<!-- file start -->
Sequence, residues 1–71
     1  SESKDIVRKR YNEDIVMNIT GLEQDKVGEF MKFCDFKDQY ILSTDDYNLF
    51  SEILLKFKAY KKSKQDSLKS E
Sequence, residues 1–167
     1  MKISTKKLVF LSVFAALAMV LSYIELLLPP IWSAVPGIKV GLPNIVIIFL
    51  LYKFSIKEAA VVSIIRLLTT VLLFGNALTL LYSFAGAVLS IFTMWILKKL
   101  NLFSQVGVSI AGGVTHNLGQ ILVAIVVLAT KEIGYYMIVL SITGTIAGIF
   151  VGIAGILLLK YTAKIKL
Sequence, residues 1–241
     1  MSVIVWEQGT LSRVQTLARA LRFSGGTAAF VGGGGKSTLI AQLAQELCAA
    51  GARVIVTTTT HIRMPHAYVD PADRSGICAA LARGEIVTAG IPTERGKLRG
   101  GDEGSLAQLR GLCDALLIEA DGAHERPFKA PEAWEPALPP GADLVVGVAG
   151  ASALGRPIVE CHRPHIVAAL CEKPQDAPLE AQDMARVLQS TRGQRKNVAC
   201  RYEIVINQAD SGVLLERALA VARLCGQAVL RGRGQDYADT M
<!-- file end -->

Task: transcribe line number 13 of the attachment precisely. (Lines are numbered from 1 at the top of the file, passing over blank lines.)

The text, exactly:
   151  ASALGRPIVE CHRPHIVAAL CEKPQDAPLE AQDMARVLQS TRGQRKNVAC